While the government’s furlough scheme is set to be entirely phased out by September of this year, protection from forfeiture for non-payment of rent in English business tenancies has been granted a further extension and will now end on the 25th of March 2022- 9 months later than was initially expected.

This measure was originally introduced as part of the Coronavirus Act 2020, with the express aim of providing relief to struggling businesses looking to manage their cashflow and was due to end on the 30th of July 2021.

What does this mean for tenants and landlords?

Most significantly, the extension of this government measure will see commercial tenants continue to enjoy protection from eviction on the grounds of non-payment of rent until the end of March 2022. Under this statute, ‘rent’ is defined broadly to encompass any amount payable under the lease and hence applies to all payments expected on the part of the tenant, including insurance payments, utilities and service charges. While there had been some suggestion that the moratorium would only apply in circumstances where the tenant could not pay as a result of the coronavirus directly, this is not the case; the moratorium will apply across the board.

Moreover, the moratorium has restricted the use of a statutory procedure labelled ‘Commercial Rent Arrears Recovery’ (CRAR) which allows landlords to recover rent arrears by taking control of their goods and selling them. Under the new rules in order for landlords to use this procedure the rent arrears must amount to:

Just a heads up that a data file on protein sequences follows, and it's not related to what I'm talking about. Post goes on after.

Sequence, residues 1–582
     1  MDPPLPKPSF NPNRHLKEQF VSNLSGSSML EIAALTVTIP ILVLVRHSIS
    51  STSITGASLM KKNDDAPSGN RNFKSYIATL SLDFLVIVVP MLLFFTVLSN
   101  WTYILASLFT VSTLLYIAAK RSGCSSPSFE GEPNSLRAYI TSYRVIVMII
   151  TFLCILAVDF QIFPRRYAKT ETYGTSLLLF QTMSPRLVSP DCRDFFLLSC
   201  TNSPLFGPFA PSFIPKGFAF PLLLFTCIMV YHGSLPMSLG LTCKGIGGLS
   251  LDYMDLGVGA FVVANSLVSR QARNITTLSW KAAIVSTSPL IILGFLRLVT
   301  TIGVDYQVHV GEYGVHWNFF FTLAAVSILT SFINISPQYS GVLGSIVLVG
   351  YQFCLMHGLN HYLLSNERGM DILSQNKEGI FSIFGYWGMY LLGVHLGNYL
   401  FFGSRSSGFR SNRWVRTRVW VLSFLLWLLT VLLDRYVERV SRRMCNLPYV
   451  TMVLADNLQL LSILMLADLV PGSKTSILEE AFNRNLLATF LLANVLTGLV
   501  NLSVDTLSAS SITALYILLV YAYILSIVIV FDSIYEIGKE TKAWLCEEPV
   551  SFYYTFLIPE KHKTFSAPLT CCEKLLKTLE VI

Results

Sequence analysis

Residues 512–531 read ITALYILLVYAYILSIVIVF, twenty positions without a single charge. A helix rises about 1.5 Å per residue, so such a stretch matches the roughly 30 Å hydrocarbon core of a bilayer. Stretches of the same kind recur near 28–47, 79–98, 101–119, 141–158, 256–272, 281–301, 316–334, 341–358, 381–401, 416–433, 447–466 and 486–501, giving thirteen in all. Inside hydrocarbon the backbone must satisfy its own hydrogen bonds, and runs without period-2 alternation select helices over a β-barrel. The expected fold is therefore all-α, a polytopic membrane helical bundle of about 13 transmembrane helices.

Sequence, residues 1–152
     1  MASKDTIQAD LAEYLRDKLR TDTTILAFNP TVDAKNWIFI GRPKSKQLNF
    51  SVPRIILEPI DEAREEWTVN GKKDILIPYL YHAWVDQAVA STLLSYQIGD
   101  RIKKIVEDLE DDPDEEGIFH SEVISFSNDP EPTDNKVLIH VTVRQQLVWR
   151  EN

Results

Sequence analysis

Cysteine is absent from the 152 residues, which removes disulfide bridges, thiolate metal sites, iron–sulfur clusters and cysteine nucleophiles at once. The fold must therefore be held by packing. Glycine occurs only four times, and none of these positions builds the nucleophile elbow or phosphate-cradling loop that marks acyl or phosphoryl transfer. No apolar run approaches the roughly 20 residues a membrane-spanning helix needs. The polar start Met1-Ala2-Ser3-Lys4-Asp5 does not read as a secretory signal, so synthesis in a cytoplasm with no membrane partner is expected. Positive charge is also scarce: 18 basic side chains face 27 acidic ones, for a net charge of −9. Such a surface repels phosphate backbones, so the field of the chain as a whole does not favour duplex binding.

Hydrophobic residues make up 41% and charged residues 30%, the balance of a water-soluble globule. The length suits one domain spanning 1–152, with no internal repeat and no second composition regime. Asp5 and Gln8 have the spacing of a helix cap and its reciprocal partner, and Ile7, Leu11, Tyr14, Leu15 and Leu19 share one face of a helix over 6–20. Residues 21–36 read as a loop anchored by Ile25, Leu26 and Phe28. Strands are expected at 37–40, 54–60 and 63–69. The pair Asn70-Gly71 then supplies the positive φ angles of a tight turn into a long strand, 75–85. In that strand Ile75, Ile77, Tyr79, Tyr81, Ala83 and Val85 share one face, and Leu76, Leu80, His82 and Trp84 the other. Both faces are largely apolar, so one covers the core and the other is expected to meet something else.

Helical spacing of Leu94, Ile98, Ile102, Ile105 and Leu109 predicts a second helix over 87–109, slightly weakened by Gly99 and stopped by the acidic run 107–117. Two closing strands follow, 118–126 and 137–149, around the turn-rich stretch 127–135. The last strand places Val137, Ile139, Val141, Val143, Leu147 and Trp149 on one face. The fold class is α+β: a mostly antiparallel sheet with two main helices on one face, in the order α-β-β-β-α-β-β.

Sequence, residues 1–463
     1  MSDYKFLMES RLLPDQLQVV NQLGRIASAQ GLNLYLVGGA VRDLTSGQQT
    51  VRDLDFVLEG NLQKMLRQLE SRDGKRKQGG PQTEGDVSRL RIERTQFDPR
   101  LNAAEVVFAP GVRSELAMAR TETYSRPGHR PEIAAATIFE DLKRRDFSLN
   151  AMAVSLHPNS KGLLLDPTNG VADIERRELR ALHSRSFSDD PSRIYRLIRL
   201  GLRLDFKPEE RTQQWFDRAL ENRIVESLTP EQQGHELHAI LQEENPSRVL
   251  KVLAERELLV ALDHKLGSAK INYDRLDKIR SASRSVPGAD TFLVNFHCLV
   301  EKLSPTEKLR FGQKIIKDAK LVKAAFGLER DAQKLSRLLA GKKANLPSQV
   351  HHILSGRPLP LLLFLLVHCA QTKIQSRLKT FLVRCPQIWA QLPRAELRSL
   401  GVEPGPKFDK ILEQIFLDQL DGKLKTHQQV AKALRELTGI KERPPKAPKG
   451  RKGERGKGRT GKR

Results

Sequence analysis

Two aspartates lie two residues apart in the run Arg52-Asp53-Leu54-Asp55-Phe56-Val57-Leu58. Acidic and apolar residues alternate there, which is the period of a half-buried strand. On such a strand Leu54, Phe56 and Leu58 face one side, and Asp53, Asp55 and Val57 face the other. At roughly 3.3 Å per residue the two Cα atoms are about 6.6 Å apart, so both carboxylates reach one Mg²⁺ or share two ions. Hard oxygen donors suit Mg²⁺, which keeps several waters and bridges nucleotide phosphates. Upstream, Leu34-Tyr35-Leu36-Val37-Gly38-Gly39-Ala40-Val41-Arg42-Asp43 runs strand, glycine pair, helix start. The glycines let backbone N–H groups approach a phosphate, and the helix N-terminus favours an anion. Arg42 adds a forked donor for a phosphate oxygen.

• 189 days’ rent on or after 24 June 2020 (but before 29 September 2020);

  • 276 days’ rent on or after 29 September 2020 (but before 25 December 2020);

  • 366 days’ rent on or after 25 December 2020 (but before 25 March 2021);

  • 457 days’ rent on or after 25 March 2021 (but before 24 June 2021); or

  • 554 days’ rent on or after 24 June 2021.

Notably however, the moratorium does not prevent landlords from forfeiting commercial leases for breaches of other covenants and arguably will not extend to the requirement to pay unliquidated amounts such as damages for dilapidations. Equally, the moratorium on evictions will not prevent rent from accruing and therefore when legislation lapses landlords will be entitled to claim for forfeiture for both payments that became due during the moratorium period, and for any becoming due but unpaid after it ends.

Which types of tenancy does the extension exclude?

Section 82 of the Coronavirus Act 2020 is expressed to apply to a ‘relevant business tenancy’ which is defined as any tenancy to which ‘Part 2 of the Landlord and Tenant Act 1954 applies’. This therefore excludes following:

  • Tenancies at will

  • Mining leases, a tenancy of agricultural holding and a home business tenancy.

  • Licenses including serviced office accommodation

  • ‘Short leases’- a lease agreed for a period under six months.

Can commercial landlords still seek to recover debt from tenants?

The short answer is yes. The moratorium does not prevent landlords from seeking legal action to recover arrears from tenants who have refused to pay rent, it simply places a moratorium on evictions. Indeed, in December 2020 the High Court ruled in Bank of New York Mellon Ltd v Cine-UK ltd and others that tenants should pay their arrears, rejecting the defence’s suggestion that the UK lockdown should be classified as a frustrating event such that the lease should be terminated.

However, recovering debts via the County Court or High Court can be a long and expensive process and is therefore not a viable option for many commercial landlords seeking to recover arrears from tenants.


We will continue to closely monitor any developments pertaining the Coronavirus Act 2020 and the moratorium on commercial forfeiture specifically. If you are a landlord or tenant contemplating your next steps do not hesitate to contact our team at Farleys for professional advice. Call us today on 0845 287 0939 or contact us by email.